No one I know has penetrated the koan of leadership. A koan is a riddle, the solution to which can only be found by going completely beyond all conditioning and thought. The solution originates from a place utterly free from image, belief, and concept. The mind that answers a koan is no mind at all; it is empty of all representation. Wrestling with the koan of leadership requires keen reflection and persistent inquiry. We must refine our awareness to have a chance of discovering what might be buried, as a treasure, beneath the layers of conceptual thinking. An idea of leadership will always miss the mark; it is too slow and cumbersome; ideas cannot respond quickly enough to reality. This is why leadership is a koan. Any definition or formulation of leadership will miss the mark. Contemplate leadership as a means to become liberated from conditioning and thought. Then you will be qualified to be a leader.
The steady practice of reflection and inquiry develops clarity of mind. Clarity, the state of being free from the impediments of image and idea, allows us to see things simply as they are, not wrapped in our various imaginings. Simple awareness-of ourselves, of others, and of the world around us-is the gift of reflection and inquiry. We cannot be didactic about awareness as we can about leadership. Awareness can’t be taught. We have to discover it for ourselves. If we have an interest in awareness, we can only unwrap ourselves from ideas, concepts, opinions, and judgments until awareness itself remains. Awareness itself supplants answers and solutions because it is more real and more useful.
Leaders are people to whom we turn to solve our problems, or to inspire us in some way, so that our lives will be better-freer from suffering, conflict, and difficulty. To solve our problems, we must first understand our problems, clearly and simply, without excess. Lao Tzu wrote that a wise person’s greatest achievement is that he finds no problem difficult. I think he means that when we truly see the cause of the problem we want to solve, the problem ceases to be a problem. No solution is necessary. What is necessary is simple, spontaneous action that flows from awareness itself. “The most basic precept of all is to be aware of what we do, what we are, each minute,” says the Buddhist monk Thich Nhat Hanh. This precept is the key to leadership.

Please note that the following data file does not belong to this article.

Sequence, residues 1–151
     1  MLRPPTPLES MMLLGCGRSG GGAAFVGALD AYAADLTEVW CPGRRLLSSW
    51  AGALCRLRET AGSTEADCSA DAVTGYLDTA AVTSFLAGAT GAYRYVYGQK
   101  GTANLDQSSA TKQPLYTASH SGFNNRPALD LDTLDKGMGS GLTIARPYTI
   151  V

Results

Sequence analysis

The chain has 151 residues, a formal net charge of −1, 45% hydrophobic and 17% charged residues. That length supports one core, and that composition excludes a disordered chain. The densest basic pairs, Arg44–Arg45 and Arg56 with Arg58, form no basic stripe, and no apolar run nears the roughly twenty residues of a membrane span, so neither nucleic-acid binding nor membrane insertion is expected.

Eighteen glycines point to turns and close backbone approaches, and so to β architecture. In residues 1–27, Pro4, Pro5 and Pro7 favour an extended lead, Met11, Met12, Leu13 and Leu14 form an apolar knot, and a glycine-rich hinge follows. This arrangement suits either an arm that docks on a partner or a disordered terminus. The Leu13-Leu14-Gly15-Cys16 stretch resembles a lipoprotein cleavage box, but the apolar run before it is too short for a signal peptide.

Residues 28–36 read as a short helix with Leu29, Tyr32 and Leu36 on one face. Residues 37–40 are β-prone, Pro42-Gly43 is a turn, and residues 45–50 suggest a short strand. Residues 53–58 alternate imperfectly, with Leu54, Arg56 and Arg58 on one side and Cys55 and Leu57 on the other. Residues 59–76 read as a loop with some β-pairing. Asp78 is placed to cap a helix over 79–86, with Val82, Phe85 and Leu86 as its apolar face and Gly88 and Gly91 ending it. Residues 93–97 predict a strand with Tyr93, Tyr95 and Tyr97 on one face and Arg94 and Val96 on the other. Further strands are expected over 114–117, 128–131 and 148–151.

A hundred books about leadership will not make any difference, because leadership is not the problem. Knowledge of leadership theories does not help us to see what is actually happening right now. What is happening right now is too real for any idea to grasp. Awareness, clarity of mind, is the appropriate tool to understand what is happening in reality. Leadership principles must give way to awareness, refined through reflection and inquiry. This is something we must each do for ourselves. We should not depend on others who may have power or authority in organizations or institutions. They cannot help. Insight will not come from specialized knowledge. Solutions will not come from experts. Skillful action will not come from pretense. Insight will come from silence. Solutions will come from awareness. Skillful action will come, spontaneously, from clarity.
Self-awareness reveals our true nature to be different from the collage of impressions and beliefs that often fills our minds, creating a huge traffic jam of honking thoughts. Nisargadatta Maharaj, an Indian mystic who died a few years ago, said, “When more people come to know their real nature, their influence, however subtle, will prevail and the world’s emotional atmosphere will sweeten up. When among the leaders appear some great in heart and mind and absolutely free from self-seeking, their impact will be enough to make the crudities and crimes of the present age impossible.” Knowing one’s true Self is the first task of a leader.
May everyone be at peace, in love, and know their most perfect Self.
Robert Rabbin is an author, speaker, and advisor. He can be reached via e-mail at firstname.lastname@example.org, or by writing: 2629 Manhattan Ave., Ste. 192, Hermosa Beach, CA 90254. His new book, The Sacred Hub (The Crossing Press, ISBN: 0-89594-837-0), is available in bookstores or from the publisher at (800) 777-1048.
“Echoes in Silence” is a bi-weekly column by Robert Rabbin–author, speaker, and advisor–who has spend thirty years using self-inquiry as a means to explore the true nature of self, mind, reality, and consciousness.
His new book, The Sacred Hub (The Crossing Press, ISBN: 0-89594-837-0), is available through the bookstores nationwide.